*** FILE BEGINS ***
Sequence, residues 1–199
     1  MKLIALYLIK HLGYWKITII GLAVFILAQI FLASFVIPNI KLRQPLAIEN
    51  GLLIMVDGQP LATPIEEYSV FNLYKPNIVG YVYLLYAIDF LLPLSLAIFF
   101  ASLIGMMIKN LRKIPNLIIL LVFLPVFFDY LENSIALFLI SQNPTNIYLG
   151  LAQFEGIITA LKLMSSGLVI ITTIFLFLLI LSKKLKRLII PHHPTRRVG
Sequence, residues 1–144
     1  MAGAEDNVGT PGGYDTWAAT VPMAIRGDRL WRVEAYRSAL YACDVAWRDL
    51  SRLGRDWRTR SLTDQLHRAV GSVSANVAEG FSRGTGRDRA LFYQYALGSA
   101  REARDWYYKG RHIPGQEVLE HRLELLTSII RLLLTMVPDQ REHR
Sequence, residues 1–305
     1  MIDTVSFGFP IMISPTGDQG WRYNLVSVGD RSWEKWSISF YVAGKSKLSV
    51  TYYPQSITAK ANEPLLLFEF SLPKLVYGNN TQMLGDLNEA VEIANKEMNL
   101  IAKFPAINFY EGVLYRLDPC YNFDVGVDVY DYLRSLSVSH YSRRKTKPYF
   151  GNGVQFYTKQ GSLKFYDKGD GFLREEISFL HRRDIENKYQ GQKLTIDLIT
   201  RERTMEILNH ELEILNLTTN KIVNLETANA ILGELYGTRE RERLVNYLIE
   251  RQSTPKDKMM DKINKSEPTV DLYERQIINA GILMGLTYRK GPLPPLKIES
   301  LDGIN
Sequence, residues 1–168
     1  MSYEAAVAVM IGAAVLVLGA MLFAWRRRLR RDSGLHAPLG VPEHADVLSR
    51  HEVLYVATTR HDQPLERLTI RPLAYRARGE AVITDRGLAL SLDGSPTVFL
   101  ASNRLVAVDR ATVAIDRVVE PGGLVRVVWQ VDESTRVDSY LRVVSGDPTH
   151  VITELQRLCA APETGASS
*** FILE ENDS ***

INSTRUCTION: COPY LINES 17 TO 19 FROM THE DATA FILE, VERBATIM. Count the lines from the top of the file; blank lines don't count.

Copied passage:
   301  LDGIN
Sequence, residues 1–168
     1  MSYEAAVAVM IGAAVLVLGA MLFAWRRRLR RDSGLHAPLG VPEHADVLSR